Despite missing their first 12 attempts from behind the 3-point line, the Cats kept shooting, sometimes at almost a head-scratching rate. But by the second half, the long-range bombs started to pay off, especially for Snowden.
Returning from a right knee sprain that sidelined her for a game, Snowden drilled four momentum-killing 3-pointers in the second half. Three of Snowden's second-half 3s came after Notre Dame cut the lead to four points or fewer.
"I really thought that No. 4 won the game for them," Notre Dame coach Muffet McGraw said of Snowden. "I thought the 3s that she hit were unforgivable defensively for us. They were huge shots when we were trying to guard her. I really thought if we could have guarded her we could have won the game."
Snowden hit just 1-of-5 from behind the arc in the first half, but like any good shooter, she had a short memory.
"As a shooter, you just have to stay confident and keep shooting," said Snowden, who finished with 17 points on 5-of-12 perimeter shooting. "Whether you are 0-for or not, you just keep shooting. That is just something a shooter has to do. You have to have that confidence. It's like that old saying, 'You miss 100 percent of the shots that you don't take,' so you just have to keep shooting."
Just ask Dunlap. Despite a rough start to the season shooting the ball (last year's Southeastern Conference Player of the Year entered the game 9-of-30 from the field), Dunlap helped will her team to a win Sunday.
Without the services of freshman center Samantha Drake, who sprained her left knee against Miami (Ohio), Dunlap had to play like a one-man frontcourt. Based on her final stat line of 25 points, 14 rebounds, four assists, three blocks and two steals, it looked like she did.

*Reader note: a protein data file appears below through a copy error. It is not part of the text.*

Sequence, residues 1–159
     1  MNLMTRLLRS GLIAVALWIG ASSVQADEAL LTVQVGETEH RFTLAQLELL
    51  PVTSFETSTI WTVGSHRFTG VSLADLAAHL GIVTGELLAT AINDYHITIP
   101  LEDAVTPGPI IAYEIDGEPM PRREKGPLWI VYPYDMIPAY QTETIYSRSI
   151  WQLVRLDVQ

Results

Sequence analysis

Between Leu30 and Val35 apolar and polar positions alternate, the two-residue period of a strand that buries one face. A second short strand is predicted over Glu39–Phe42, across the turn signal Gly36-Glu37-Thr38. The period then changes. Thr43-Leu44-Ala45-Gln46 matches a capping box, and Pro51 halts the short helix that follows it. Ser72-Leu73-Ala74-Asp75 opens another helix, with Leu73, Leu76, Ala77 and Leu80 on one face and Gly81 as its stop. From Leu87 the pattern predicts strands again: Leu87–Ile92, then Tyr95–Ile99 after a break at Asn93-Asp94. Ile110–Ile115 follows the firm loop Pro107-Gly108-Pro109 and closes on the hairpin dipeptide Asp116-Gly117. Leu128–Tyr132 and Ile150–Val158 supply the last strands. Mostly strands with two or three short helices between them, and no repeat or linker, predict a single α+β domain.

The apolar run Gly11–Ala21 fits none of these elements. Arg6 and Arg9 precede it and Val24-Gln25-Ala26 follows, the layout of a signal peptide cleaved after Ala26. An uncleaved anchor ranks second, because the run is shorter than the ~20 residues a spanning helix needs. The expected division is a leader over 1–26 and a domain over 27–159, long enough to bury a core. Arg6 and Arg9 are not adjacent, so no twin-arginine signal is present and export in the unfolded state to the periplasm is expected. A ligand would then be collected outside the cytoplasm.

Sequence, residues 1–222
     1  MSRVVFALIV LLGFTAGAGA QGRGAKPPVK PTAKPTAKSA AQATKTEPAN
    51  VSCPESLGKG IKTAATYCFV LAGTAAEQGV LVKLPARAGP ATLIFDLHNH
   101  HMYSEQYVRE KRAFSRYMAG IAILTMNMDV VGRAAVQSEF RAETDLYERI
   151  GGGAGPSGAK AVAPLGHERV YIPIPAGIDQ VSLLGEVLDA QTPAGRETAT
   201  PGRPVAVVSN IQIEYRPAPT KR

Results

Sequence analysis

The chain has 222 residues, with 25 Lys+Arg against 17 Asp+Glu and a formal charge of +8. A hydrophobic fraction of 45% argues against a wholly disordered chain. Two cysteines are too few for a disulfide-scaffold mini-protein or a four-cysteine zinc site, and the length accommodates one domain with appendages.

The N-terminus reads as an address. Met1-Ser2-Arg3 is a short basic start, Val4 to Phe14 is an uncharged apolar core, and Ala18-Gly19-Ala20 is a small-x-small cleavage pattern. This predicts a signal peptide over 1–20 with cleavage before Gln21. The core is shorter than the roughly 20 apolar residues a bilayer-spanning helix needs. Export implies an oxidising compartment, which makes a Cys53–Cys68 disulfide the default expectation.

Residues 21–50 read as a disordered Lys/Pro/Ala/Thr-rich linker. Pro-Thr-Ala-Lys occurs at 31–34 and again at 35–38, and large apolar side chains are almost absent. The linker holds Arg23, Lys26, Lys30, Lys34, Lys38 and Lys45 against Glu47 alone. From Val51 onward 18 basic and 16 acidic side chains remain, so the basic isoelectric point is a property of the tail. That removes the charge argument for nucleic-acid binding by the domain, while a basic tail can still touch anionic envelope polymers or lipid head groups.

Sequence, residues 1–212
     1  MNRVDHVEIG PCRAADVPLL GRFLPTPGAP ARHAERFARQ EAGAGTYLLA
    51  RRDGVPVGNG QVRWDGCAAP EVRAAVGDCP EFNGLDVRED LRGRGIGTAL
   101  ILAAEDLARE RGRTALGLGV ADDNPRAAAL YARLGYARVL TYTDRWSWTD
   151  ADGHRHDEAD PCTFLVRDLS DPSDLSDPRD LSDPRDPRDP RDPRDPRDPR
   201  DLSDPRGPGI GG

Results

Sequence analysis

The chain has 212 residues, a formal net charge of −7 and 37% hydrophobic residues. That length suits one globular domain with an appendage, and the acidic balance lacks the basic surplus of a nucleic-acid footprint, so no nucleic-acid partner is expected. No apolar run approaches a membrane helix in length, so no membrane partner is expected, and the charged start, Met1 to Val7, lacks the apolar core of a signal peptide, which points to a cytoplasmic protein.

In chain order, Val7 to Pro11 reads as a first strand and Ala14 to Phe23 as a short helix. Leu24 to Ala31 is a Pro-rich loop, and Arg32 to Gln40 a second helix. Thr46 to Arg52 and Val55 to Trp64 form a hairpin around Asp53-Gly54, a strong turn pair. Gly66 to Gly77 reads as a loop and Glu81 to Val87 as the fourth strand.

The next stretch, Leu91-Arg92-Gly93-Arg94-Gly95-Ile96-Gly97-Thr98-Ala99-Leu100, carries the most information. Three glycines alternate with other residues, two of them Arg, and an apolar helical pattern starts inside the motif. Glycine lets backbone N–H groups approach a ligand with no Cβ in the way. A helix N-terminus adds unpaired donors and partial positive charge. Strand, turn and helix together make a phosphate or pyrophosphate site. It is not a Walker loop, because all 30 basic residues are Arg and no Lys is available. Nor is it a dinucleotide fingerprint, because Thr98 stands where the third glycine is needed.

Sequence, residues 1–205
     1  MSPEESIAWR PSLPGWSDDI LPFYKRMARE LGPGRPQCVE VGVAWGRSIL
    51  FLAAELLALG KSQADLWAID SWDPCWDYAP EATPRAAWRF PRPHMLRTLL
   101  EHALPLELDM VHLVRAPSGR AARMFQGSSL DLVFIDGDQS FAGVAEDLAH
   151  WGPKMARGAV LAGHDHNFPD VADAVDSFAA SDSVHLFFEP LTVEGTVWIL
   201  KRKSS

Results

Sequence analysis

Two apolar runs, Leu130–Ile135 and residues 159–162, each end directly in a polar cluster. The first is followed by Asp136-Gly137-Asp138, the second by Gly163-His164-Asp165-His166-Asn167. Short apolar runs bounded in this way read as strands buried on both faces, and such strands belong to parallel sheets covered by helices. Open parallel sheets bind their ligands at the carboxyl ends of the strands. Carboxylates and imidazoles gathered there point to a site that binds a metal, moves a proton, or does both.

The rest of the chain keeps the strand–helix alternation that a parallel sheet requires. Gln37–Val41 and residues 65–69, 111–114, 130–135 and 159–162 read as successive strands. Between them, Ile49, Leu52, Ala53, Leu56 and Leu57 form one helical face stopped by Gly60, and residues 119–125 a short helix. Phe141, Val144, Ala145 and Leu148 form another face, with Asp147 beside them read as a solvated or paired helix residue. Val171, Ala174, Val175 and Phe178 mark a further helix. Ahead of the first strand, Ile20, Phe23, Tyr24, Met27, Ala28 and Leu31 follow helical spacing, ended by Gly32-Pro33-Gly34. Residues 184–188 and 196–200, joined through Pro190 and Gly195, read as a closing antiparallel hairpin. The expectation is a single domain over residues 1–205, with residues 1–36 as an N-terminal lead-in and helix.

"I think I could go another game or two right now," Dunlap said. "I think I got my mindset this week during practice. I was telling the coaches in practice this week that if I looked tired to not let me come out of the drill. I knew that I would have to contribute minutes for our team, and I think I did that."
Dunlap's biggest contribution came on the boards. When a taller, stronger Notre Dame team took over on the boards, Dunlap provided key rebounds, often times grabbing the ball between two and three players as she was slung to the ground.
"I don't know what we would've done without her," Mitchell said. "We were absolutely destroyed on the boards and it looked like to me that the important ones we did get, it was Victoria going to work. She showed up big in a big-time game, and that's a high level to play at in the early part of the season. That's two teams that have aspirations of being on the national scene, and Victoria played like a big-time player."
Asked after the game if Sunday's victory was a statement win, Dunlap thought so.
"For people to see that we actually can play with a team of that caliber says a lot," Dunlap said. "Even though we may not have as much hype as them as a program, we still think we have the capability of going out on the court, being aggressive and knowing what to go in big games."